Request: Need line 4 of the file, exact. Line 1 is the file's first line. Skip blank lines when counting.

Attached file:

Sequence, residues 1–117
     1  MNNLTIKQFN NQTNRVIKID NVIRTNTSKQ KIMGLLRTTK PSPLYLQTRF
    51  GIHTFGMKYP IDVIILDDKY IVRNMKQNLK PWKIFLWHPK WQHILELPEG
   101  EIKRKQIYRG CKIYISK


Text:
   101  EIKRKQIYRG CKIYISK